Government Investigations: Insight from a Former Federal Trade Commission Director
- Dama Brown, the former Regional Director of the Federal Trade Commission's (FTC) Southwest Region, joined Holland & Knight for a recent webinar presentation on how FTC regional offices function and interact with their colleagues at headquarters in Washington, D.C., how to build credible relationships with FTC staff and policy enforcement initiatives that may be on the FTC's horizon.
- This Holland & Knight alert provides a number of key takeaways from that discussion, which includes best practice tips and "inside information" that can help companies navigate government investigations, enhance their regulatory compliance programs and minimize risk.
- As the FTC's jurisdiction applies to every industry that markets to consumers, these takeaways apply to every business in every single industry sector – from financial services firms to healthcare products to retailers.
Holland & Knight hosted Dama Brown, the former Regional Director of the Federal Trade Commission's (FTC) Southwest Region, for a webinar presentation on Aug. 11, 2021.
During the interview, Holland & Knight Partner Anthony DiResta and Associate Brian Goodrich asked Brown dozens of questions about the nuts and bolts of FTC investigations, how outside counsel may provide input to the staff attorneys managing an investigation and recent FTC enforcement initiatives.
The webinar – Critical Outposts for Consumer Protection Investigations – is a helpful course on the basics of working with FTC staff, as well as a "peek behind the curtain" into the Commission's investigation powers and protocol. It is full of best practice tips and "inside information" that can help companies enhance their regulatory compliance programs and minimize their risks associated with various business practices.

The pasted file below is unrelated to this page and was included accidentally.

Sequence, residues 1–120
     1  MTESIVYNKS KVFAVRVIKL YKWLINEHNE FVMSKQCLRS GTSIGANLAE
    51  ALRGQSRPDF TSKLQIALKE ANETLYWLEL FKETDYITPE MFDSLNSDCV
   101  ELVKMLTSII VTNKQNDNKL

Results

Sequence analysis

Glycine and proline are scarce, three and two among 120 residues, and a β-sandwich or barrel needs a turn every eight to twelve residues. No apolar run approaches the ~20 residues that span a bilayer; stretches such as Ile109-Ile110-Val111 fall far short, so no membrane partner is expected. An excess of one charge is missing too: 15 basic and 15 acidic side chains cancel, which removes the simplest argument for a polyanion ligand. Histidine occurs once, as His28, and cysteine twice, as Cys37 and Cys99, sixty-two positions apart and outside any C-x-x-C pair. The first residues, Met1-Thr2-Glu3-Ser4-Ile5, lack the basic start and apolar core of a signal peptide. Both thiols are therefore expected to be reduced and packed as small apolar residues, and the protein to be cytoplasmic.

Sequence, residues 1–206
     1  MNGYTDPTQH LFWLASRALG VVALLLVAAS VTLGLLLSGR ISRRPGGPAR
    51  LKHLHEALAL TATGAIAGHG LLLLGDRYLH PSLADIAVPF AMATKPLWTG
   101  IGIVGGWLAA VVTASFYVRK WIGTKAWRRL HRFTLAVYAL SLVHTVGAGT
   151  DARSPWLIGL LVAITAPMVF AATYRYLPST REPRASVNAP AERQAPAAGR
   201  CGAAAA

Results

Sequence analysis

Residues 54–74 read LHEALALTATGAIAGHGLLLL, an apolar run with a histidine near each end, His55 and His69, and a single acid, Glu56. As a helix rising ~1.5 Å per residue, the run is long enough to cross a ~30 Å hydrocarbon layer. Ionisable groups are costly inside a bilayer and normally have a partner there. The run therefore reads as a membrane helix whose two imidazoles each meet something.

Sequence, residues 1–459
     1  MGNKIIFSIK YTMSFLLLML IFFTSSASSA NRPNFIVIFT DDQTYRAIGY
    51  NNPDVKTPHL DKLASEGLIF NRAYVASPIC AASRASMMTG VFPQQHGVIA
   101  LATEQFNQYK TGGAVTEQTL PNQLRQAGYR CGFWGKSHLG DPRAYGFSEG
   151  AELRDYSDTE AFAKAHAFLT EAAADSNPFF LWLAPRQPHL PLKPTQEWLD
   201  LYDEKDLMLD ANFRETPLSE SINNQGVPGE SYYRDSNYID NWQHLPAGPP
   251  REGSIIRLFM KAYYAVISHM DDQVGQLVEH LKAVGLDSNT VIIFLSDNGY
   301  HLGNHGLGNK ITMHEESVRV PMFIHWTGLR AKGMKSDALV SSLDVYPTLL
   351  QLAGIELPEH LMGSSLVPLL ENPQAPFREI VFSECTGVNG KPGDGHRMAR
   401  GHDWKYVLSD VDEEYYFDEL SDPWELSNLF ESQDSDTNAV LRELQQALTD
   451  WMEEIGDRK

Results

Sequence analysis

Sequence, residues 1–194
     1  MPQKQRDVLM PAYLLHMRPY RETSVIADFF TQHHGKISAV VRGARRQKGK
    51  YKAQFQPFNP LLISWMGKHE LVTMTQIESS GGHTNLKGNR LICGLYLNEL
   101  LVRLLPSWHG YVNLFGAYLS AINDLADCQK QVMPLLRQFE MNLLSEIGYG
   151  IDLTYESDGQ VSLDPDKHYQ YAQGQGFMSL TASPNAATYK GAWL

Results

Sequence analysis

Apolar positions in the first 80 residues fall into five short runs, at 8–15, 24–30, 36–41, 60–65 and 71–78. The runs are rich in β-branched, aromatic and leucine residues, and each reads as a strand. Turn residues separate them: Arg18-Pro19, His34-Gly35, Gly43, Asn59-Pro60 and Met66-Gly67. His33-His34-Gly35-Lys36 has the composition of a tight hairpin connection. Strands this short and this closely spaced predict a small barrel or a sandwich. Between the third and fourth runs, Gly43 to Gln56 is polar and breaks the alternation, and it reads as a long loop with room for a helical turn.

What Companies Should Know About FTC Investigations and the Regional Offices
- The FTC Regional Offices are staffed by dedicated enforcement attorneys that review consumer complaints related to brands doing business in their respective regions to identify potential unfair, deceptive and abusive acts and practices (UDAAPs) and consumer harm, thereby identifying companies to investigate.
- Companies are well-served by developing a rapport with FTC attorneys during an investigation, and by making enhancements to compliance management systems – even in the midst of an investigation.
- In contrast to many other regulators, during investigations companies and their counsel have many ways to provide input and influence the Commission's thought process and decision through requesting meetings, presentations or sending letters.
- The FTC continues to focus on COVID-19 and protecting consumers against false claims and scammers that are taking advantage of the numerous government programs designed to alleviate the financial and health consequences of the pandemic.
- The FTC often interacts with other agencies. For example, the FTC and Consumer Financial Protection Bureau (CFPB) have access to a shared database of information regarding their investigations so that they can collaborate on different aspects of the investigation without duplicating efforts.
What Is Consumer Protection